7. Preparing for fieldwork - ethical considerations
Before fieldwork begins the researcher must consider all potential ethical issues. While the exact ethical issues that fieldwork poses will depend on the research question, the setting and the methods the researcher uses, issues relating to confidentiality and informed consent will need to be addressed.
Confidentiality is critical in fieldwork, as obtaining written informed consent from every participant may not always be possible. For example, during participant-observation in an emergency department, written informed consent can be gained from all key participants, but is harder to obtain from every person passing through.
One important aspect of fieldwork preparation is ensuring that everyone in the field is aware that research is being conducted. This can be achieved through the use of posters and conversations, for example.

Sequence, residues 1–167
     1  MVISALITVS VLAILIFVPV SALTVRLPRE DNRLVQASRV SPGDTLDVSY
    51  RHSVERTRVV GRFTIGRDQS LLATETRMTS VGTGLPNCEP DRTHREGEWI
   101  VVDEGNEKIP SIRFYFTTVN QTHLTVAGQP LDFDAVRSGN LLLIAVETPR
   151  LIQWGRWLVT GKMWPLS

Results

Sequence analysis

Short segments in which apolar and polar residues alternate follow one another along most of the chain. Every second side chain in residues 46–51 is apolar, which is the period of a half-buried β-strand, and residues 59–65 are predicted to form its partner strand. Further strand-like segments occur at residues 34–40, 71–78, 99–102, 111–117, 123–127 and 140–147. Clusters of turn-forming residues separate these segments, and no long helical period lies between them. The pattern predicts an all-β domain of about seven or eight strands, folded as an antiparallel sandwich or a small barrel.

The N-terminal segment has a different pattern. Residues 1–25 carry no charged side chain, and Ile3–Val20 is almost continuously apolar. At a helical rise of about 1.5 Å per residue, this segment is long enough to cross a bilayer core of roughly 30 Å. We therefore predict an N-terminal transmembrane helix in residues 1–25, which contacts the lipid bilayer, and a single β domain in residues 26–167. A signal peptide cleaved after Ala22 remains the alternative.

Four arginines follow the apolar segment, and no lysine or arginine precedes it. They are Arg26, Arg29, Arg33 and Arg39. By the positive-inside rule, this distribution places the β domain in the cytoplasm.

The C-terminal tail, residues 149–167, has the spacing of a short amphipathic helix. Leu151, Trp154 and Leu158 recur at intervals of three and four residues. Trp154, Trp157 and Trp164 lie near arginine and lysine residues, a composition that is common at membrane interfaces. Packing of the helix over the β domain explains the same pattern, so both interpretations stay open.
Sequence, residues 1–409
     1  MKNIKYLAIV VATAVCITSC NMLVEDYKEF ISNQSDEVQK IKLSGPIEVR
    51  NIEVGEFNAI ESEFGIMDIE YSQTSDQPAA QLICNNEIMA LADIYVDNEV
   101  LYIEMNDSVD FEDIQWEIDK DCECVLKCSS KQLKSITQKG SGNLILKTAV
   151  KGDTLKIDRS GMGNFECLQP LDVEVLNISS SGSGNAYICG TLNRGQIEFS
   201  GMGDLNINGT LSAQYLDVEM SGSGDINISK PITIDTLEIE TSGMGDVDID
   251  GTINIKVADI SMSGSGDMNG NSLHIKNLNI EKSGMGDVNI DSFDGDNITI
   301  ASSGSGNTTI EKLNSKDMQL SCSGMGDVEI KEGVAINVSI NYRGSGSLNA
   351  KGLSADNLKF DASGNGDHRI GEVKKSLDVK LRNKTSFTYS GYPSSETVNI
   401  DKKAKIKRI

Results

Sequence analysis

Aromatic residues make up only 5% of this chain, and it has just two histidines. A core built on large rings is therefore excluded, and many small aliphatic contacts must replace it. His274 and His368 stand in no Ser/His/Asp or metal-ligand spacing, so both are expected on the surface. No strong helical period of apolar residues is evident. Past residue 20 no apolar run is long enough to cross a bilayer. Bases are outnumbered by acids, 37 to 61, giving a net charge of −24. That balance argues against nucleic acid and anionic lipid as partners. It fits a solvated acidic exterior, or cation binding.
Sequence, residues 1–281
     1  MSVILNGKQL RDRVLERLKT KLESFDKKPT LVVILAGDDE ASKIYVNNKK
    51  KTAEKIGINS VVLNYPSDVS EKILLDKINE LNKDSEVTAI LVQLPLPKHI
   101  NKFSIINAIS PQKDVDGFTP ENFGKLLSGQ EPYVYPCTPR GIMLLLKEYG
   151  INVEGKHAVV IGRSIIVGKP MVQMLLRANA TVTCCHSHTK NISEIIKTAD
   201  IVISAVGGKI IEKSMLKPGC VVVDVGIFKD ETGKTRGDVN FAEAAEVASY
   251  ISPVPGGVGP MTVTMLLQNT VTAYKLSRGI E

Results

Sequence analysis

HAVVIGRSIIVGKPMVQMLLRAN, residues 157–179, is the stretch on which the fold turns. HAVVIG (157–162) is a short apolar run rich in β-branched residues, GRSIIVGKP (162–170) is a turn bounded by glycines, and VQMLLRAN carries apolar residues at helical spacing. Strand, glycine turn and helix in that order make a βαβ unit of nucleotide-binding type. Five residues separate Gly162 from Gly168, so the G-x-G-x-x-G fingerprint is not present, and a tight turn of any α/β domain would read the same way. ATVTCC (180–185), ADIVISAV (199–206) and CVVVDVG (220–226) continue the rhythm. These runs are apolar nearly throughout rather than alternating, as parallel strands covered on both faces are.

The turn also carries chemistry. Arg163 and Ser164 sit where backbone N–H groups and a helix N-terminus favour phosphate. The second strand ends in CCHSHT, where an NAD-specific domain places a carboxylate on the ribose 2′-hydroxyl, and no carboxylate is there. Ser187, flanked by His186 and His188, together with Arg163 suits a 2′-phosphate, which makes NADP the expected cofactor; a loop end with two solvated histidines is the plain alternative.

Ethical approval from the appropriate ethics committee will be required before any research commences. Depending on the ethical issues involved in the study, the process can be time consuming and slow. Obtaining ethical approval should, therefore, be factored into the research planning phase.
Even when all relevant ethical considerations are made and ethical approval is obtained, the researcher should recognise that ethical issues can arise at any point during fieldwork, given that it is a natural/uncontrolled environment. Therefore, the researcher should reflect on ethical issues throughout their study.